Also, but I guess of less importance to society but sadly for the individuals, it’s a complete waste of time and resources. Life is short and we only have one crack at it. It’s tragic if people don’t get to fully experience life because they can’t ‘free think’, because they have a blinkered deferential respect for an imaginary, supernatural being who they have been culturally brainwashed into following. The people around me who are offering me advice, saying that they hope it “helps” me to find answers to my questions, they think I’m confused. I’M not confused, I have never been so UN-confused. I’ve never seen so clearly, I’ve never felt so alive, I’ve never experienced or sensed so tangibly the opportunities that life has to offer. I’ve never felt so unrestricted. I so, so wish that I was younger, that I’d felt this ‘rush’ decades ago! I know that religion, e.g. keeping Shabbos, has its worth. I enjoy the family quality time afforded to me by keeping Shabbos – I’m not dissing everything to do with religion but, of course, quality family time is not a monopoly enjoyed only by Shomer Shabbos Jews! I’m sure that I could still enjoy quality family time without keeping Shabbos. I ‘get’ the cultural side of religion, in my case, of Judaism. I do feel culturally Jewish but the bottom line is I believe that the world would be a better place without theistic religion, a world with no religion – as John Lennon sung, “Imagine….”.

People of faith, people who see the Torah as the blueprint for a moral life, people who think that the ‘absolutes’ as laid out in the Bible are needed for a moral life, I certainly don’t buy that argument. I’m afraid the Bible screams immorality and violence throughout:

some examples as referred to in Dan Barker’s “Godless”:

(Exodus/Shemos 15:3) “He (G0d) is the Master of war”;

(Psalm 137:9) “Blessed is the one who grabs your little children and smashes them against a rock”;

(Hosea 13:16) “Samaria shall bear her guilt, because she has rebelled against her God; they shall fall by the sword; their little ones shall be dashed in pieces, and their pregnant women ripped open”.

(Kings 2:23-24) God sent bears to attack 42 children who teased a prophet:

From there Elisha went up to Bethel. As he was walking along the road, some boys came out of the town and jeered at him. ‘Get out of here, baldy!’ they said. ‘Get out of here, baldy!’ He turned around, looked at them and called down a curse on them in the name of the Lord. Then two bears came out of the woods and mauled forty-two of the boys”.

(Leviticus 21:18-23) God discriminated against the handicapped:

“For whatsoever man he be that hath a blemish, he shall not approach: a blind man, or a lame, or he that hath any thing maimed, or any thing too long, or a man that is broken-footed, or broken-handed, or crook-backed, or a dwarf, or that hath his eye over-spread, or is scabbed, or scurvy, or hath his stones crushed; no man of the seed of Aaron the priest, that hath a blemish, shall come nigh to offer the offerings of the Lord made by fire; he hath a blemish; he shall not come nigh to offer the bread of his God. He may eat the bread of his God, both of the most holy, and of the holy. Only he shall not go in unto the veil, nor come nigh unto the altar, because he hath a blemish; that he profane not My holy places; for I am the Lord who sanctify them”;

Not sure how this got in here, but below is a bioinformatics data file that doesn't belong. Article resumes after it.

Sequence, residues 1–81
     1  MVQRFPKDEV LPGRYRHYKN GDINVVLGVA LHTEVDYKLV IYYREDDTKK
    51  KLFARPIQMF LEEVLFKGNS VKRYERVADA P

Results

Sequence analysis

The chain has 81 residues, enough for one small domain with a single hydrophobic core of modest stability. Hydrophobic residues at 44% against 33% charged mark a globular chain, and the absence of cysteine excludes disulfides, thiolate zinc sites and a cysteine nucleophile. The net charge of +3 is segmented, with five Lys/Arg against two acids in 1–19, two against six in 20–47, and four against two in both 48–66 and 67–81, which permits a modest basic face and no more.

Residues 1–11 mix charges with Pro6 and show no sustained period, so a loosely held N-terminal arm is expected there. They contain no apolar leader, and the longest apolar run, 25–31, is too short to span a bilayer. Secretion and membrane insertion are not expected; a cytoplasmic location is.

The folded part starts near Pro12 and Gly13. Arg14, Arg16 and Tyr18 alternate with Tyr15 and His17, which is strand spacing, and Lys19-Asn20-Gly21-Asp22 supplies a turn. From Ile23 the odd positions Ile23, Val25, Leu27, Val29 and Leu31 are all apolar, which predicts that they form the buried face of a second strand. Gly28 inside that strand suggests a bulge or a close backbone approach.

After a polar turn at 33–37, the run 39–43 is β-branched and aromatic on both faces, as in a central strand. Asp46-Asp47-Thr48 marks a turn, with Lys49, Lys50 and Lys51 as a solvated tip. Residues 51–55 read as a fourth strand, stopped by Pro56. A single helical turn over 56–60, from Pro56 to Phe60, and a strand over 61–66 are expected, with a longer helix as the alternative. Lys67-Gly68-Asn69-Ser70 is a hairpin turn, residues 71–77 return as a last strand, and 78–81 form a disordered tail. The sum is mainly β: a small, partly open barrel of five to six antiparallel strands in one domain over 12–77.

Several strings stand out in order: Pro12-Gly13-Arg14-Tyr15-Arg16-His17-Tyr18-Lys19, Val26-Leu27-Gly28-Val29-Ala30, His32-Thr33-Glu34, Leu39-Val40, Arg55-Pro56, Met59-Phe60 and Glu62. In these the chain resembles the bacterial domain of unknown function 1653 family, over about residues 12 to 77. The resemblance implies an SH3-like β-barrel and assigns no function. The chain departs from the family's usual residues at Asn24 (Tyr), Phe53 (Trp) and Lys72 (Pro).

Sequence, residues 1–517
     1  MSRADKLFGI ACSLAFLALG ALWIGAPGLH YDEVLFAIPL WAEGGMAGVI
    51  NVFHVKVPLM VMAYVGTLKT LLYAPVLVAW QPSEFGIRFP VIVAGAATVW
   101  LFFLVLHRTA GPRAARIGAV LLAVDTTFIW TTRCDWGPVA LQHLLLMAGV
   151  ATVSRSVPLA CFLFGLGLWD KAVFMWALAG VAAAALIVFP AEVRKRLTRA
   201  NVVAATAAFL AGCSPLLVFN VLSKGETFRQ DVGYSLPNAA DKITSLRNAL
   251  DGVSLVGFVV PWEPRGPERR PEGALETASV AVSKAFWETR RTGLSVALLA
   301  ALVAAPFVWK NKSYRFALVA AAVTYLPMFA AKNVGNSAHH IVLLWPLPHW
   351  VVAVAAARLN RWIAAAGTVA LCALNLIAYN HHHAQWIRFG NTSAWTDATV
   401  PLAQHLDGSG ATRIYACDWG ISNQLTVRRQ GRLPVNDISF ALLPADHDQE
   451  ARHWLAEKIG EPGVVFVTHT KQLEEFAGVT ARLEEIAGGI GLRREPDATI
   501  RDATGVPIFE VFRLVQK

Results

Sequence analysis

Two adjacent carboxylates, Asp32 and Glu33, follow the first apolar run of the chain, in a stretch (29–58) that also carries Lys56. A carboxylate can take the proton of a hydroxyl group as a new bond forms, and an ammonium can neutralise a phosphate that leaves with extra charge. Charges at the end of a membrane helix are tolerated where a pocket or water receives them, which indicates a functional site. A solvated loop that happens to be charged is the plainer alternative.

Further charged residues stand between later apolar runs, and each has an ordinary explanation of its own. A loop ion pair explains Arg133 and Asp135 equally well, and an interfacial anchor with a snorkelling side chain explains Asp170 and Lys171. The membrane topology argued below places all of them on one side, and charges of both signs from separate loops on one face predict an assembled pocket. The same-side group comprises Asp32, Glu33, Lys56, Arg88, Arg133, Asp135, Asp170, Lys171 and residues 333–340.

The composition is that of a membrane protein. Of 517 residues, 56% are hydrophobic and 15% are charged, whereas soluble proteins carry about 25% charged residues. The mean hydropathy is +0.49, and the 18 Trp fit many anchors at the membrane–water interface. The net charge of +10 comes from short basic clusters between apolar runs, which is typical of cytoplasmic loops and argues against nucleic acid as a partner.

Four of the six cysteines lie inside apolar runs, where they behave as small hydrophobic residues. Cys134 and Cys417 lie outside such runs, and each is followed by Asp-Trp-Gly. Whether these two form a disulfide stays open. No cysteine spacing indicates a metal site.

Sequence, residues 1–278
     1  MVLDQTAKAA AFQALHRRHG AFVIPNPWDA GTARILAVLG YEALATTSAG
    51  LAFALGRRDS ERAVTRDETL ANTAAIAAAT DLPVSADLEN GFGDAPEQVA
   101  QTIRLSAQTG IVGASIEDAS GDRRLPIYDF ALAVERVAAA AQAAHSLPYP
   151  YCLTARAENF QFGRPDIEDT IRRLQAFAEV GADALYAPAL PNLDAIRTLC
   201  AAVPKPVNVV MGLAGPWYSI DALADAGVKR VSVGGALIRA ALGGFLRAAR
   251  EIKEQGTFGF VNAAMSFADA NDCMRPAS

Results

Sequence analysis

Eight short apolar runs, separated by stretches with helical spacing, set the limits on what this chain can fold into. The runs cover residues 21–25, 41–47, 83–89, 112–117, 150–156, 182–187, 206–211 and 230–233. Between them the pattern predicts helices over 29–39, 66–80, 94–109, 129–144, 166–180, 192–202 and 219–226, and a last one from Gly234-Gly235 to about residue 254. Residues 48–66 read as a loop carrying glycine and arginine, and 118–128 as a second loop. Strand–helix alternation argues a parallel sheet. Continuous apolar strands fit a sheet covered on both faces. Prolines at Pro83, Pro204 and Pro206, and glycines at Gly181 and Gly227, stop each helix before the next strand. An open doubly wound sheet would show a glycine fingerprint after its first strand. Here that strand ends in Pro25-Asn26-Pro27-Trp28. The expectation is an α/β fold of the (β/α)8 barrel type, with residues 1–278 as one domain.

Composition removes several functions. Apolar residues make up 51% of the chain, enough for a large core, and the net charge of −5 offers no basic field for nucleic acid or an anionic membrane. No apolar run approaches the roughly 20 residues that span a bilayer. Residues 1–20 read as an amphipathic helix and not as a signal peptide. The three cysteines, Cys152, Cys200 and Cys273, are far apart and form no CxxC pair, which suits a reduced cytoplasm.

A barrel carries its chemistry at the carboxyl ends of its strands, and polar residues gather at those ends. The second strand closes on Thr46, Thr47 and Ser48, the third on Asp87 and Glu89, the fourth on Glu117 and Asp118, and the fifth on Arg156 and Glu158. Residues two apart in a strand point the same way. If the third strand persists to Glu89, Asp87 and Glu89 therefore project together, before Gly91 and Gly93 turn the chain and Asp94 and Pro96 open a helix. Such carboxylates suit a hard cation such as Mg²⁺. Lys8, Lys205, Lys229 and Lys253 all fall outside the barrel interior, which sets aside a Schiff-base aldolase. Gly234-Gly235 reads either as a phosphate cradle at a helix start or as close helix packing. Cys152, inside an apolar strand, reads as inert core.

(Exodus 20:5) God punished innocent offspring to the fourth generation:

“thou shalt not bow down unto them, nor serve them; for I the Lord thy God am a jealous God, visiting the iniquity of the fathers unto the children unto the third and fourth generation of them that hate Me”.

Wow, wow, wow, scary stuff!!!

God, very intimidating, jealous, unforgiving, arrogant, not at all humble….but was he even omnipotent?

(Judges 1:19) “And the Lord was with Judah; and he drave out the inhabitants of the mountain; but could not drive out the inhabitants of the valley, because they had chariots of iron”.

Got to move on…


there are many definitions but I like this one:

“That man should show respect to man, irrespective of class, race or creed is fundamental to the humanist attitude to life. Among the fundamental moral principles, he would count those of freedom, justice, tolerance and happiness…the attitude that people can live an honest, meaningful life without following a formal religious creed” (Pears Cyclopaedia, 87th edition, 1978).

Humanism is the only way forward. Religion – the archaic superstition, the irrational beliefs – it belongs in the past. It’s an anachronism relative to the science, knowledge and reality of today. Religion stunts our growth, it limits our potential, it restricts our access to the incredible opportunities on offer in this, our one and only crack at life. I feel really strongly about it (as you might have sensed) and I must spread the word, I have a moral responsibility to share this message. Whether people listen or not, that is, of course, their prerogative but I feel that I must publicise the message and that if it only changes one person’s way of thinking for the better, if it only helps one person to experience life more fully than he/she would have done if I hadn’t spoken, then I’ll have been vindicated and it’ll have been worth it.

*I am about to post (on CARRY ON KOBY) a review of Dan’s book.